Article

A prioritization process for invasive alien plant species incorporating the requirements of EU Regulation no. 1143/2014

Citation

Branquart E, Brundu G, Buholzer S, Chapman DS, Ehret P, Fried G, Starfinger U, van Valkenburg J & Tanner R (2016) A prioritization process for invasive alien plant species incorporating the requirements of EU Regulation no. 1143/2014. EPPO Bulletin, 46 (3), pp. 603-617. https://doi.org/10.1111/epp.12336

Abstract
When faced with a large species pool of invasive or potentially invasive alien plants, prioritization is an essential prerequisite for focusing limited resources on species which inflict high impacts, have a high rate of spread and can be cost-effectively managed. The prioritization process as detailed within this paper is the first tool to assess species for priority for risk assessment (RA) in the European Union (EU) specifically designed to incorporate the requirements of EU Regulation no. 1143/2014. The prioritization process can be used for any plant species alien to the EU, whether currently present within the territory or absent. The purpose of the prioritization is to act as a preliminarily evaluation to determine which species have the highest priority for RA at the EU level and may eventually be proposed for inclusion in the list of invasive alien species of EU concern. The preliminary risk assessment stage (Stage 1), prioritizes species into one of four lists (EU List of Invasive Alien Plants, EU Observation List of Invasive Alien Plants, EU List of Minor Concern and the Residual List) based on their potential for spread coupled with impacts. The impacts on native species and ecosystem functions and related ecosystem services are emphasized in line with Article 4.3(c) of the Regulation. Only those species included in the EU List of Invasive Alien Plants proceed to Stage 2 where potential for further spread and establishment coupled with evaluating preventative and management actions is evaluated. The output of Stage 2 is to prioritize those species which have the highest priority for a RA at the EU level or should be considered under national measures which may involve a trade ban, cessation of cultivation, monitoring, control, containment or eradication. When considering alien plant species for the whole of the EPPO region, or for species under the Plant Health Regulation, the original EPPO prioritization process for invasive alien plants remains the optimum tool.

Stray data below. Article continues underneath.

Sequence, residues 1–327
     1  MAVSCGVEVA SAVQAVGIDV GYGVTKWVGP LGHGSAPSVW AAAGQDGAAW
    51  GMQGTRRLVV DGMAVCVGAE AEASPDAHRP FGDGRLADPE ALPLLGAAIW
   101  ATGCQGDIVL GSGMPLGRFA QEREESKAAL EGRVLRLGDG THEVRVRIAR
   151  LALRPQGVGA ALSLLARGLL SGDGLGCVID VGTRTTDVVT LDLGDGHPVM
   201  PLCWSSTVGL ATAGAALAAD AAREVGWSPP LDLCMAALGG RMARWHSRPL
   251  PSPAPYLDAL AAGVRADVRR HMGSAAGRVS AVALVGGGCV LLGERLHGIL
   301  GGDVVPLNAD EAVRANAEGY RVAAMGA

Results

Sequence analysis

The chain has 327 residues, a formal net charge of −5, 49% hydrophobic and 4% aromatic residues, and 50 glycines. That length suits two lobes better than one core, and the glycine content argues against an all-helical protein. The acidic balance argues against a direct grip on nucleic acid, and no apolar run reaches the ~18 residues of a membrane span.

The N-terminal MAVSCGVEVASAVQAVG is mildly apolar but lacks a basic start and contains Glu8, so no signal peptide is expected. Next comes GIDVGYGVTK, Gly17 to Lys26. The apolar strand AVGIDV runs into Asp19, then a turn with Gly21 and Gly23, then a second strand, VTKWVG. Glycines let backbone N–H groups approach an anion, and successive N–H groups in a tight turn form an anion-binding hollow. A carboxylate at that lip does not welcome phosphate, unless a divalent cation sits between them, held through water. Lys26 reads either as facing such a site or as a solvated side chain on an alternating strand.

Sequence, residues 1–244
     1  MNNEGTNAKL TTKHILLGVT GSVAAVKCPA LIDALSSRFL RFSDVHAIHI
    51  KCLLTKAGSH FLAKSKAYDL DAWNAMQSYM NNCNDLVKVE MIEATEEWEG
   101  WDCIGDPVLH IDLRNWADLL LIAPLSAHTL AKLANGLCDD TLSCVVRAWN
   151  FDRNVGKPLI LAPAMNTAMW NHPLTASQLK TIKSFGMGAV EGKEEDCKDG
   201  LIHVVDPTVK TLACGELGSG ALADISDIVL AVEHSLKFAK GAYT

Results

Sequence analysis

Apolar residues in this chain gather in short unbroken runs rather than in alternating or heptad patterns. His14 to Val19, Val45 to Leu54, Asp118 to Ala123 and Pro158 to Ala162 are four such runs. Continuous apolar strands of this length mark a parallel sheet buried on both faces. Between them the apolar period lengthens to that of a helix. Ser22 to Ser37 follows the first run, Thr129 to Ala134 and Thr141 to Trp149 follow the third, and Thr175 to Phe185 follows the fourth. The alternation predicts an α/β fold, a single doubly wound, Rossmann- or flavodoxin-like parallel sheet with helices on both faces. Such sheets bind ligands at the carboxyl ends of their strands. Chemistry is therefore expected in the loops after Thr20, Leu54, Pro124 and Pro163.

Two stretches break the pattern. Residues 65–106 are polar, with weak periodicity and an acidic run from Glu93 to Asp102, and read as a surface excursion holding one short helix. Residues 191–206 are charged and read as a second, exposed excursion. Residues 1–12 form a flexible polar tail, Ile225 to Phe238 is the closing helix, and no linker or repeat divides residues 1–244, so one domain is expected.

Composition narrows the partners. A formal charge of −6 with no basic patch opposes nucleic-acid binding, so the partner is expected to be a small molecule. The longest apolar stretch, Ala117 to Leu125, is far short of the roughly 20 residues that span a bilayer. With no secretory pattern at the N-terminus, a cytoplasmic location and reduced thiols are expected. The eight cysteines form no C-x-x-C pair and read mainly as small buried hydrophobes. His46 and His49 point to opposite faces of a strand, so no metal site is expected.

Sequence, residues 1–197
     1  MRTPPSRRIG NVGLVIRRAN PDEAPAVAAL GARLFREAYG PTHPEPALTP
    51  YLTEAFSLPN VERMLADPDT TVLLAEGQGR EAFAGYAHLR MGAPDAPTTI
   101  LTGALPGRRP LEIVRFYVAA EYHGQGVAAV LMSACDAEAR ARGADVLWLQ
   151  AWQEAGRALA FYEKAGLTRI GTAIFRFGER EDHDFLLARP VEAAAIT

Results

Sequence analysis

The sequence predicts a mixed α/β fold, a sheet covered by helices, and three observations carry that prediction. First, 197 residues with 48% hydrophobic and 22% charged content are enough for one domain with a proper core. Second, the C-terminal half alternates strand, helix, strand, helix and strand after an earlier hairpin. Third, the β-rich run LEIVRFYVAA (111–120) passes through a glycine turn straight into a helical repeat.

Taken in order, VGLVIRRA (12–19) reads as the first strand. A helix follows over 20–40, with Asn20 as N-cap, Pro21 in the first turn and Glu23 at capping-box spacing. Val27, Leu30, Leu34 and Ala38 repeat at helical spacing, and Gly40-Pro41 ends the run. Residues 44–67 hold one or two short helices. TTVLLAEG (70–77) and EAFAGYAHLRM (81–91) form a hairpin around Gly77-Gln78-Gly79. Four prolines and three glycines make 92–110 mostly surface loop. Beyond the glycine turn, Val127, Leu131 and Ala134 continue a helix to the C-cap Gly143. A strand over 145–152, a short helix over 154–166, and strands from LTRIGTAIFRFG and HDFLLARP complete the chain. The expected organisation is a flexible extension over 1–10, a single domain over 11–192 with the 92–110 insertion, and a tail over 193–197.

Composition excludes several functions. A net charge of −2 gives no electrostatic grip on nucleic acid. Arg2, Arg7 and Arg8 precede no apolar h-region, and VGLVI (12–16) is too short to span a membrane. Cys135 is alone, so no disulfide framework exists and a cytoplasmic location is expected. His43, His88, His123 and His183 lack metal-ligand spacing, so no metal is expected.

Journal
EPPO Bulletin: Volume 46, Issue 3

StatusPublished
FundersEuropean Commission
Publication date28/11/2016
Publication date online01/11/2016
Date accepted by journal01/11/2016
URLhttp://hdl.handle.net/1893/28759
PublisherJohn Wiley & Sons, Ltd (10.1111)
ISSN0250-8052